The use of machine learning in clinical applications has grown exponentially in recent years. However, successful application and implementation of new clinical risk models has been limited. While a great deal of the slowness to adoption on the clinical front lines has been secondary to barriers in implementation, there is some evidence that the models themselves may be flawed due to incomplete information. In part, this may be due to the fact that these algorithms are designed to attempt to replace the rather than supplement the clinician and overlooks the clinical judgements that took place during their disease course. In two recent op-ed pieces, there has been particular concern regarding the “black box” model of machine learning algorithms. The JAMA article by Cabitza, et al. in particular points to “contextual errors” in a machine learning algorithm because the training data sets did not capture the current standard of care for the models to train on. As a result, patients who were actually initially high-risk due to a known clinical risk factor, resulting in more aggressive treatment, were considered by machine learning algorithms based on improved outcomes alone to be assigned a “low-risk” label. Naively deploying such models in the clinical setting could be potentially dangerous as high-risk patients who were over-treated in a training set would be treated as low-risk by any clinician using the inherently flawed model. This project aims to collect the contextual information on underlying standard of care to improve model training both through structured data in the electronic health record (EHR) as well as through semantic analysis of free text clinical notes.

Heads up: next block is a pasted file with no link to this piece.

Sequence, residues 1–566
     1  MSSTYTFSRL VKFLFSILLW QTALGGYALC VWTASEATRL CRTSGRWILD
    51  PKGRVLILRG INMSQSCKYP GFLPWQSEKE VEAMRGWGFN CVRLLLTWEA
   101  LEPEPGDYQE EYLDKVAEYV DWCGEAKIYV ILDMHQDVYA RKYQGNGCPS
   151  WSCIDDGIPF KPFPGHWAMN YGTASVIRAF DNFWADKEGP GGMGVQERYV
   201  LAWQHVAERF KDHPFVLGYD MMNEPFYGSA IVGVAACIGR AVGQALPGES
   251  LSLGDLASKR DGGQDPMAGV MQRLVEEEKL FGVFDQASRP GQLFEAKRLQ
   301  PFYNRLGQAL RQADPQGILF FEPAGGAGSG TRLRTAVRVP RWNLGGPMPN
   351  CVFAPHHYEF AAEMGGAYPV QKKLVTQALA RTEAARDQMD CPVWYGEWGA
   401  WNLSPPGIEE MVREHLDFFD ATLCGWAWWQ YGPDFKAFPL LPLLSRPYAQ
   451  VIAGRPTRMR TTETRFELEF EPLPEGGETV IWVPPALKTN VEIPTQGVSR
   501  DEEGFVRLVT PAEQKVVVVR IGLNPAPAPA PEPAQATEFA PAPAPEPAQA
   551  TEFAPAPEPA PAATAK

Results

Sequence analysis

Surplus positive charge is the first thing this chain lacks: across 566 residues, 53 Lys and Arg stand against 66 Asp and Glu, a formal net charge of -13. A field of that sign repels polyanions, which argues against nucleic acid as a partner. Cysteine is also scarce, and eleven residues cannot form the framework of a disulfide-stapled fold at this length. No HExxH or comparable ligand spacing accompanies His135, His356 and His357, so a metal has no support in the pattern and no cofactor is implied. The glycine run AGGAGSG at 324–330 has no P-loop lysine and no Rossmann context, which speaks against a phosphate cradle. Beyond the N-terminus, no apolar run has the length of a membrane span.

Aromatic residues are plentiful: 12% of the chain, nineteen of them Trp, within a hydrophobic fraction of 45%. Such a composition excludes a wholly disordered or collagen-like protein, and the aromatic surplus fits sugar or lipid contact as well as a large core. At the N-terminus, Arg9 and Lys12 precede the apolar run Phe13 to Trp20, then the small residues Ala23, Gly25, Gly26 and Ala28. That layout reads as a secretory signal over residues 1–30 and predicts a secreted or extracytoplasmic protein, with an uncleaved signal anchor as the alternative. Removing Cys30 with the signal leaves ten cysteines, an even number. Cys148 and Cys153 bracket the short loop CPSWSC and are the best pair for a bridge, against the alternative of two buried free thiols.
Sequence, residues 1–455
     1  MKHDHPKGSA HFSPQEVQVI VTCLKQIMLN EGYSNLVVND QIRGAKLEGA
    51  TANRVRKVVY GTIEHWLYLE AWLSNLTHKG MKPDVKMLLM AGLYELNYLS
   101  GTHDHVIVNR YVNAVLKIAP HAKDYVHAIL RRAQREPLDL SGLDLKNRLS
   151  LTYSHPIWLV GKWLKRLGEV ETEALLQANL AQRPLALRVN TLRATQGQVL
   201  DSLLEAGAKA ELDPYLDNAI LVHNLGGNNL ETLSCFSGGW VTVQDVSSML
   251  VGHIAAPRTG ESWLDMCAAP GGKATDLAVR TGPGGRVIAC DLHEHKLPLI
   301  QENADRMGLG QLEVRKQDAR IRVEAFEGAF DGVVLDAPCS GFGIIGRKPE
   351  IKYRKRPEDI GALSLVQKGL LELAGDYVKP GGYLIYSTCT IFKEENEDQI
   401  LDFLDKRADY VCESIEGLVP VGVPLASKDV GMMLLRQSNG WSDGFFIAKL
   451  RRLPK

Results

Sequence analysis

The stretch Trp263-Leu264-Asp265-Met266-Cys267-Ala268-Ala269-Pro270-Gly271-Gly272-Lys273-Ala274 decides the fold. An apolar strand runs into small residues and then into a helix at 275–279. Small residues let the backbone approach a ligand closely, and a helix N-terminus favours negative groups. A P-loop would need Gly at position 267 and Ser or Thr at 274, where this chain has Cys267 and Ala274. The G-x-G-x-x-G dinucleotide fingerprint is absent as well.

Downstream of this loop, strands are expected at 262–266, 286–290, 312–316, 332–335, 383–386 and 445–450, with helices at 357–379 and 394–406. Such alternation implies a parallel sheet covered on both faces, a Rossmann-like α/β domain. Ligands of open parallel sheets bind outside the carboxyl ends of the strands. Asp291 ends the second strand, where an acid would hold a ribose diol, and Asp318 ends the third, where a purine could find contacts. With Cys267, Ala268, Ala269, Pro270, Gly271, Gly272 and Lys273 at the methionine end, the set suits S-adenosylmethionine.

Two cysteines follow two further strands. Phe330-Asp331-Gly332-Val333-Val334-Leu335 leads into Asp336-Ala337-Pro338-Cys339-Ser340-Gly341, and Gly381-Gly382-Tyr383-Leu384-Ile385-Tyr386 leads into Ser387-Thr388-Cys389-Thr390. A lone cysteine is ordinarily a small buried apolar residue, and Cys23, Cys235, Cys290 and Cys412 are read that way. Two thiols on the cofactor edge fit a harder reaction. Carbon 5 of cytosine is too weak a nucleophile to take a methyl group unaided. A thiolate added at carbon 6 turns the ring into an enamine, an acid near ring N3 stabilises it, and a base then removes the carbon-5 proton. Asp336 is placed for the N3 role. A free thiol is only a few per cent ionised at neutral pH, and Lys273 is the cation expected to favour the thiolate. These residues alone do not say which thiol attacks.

For this project, structured data consisting of orders and diagnosis codes written by the clinician will be pulled from the EHR, as well as clinical problems abstracted from free text using natural language processing (NLP). We will primarily target orders typically associated with severity of patient illness such as patient floor disposition and frequency of nursing checks. While many machine learning models have sought to create a “raw” representation of the patient by capturing objective data such as labs, vitals, and diagnosis codes, our approach actively embraces clinician-influenced data to allow models to account for the effect of clinical effort.
While structured data will likely capture some component of a provider’s clinical effort, the majority of a physician’s concern and associated attentiveness to a patient will likely be captured in their clinical free text. NLP has made significant strides in semanti
c analysis to detect emotion from free text, particularly in social media such as Facebook and Twitter. We aim to use the same models to detect both “worry” and “uncertainty” in clinician notes.
As a whole, the purpose of this project will be to more accurately capture physicians “clinical effort” throughout the treatment process. In doing so, our hope is that machine learning models will be better able to account for physician generated treatment effects in creating algorithms for risk stratification of patients.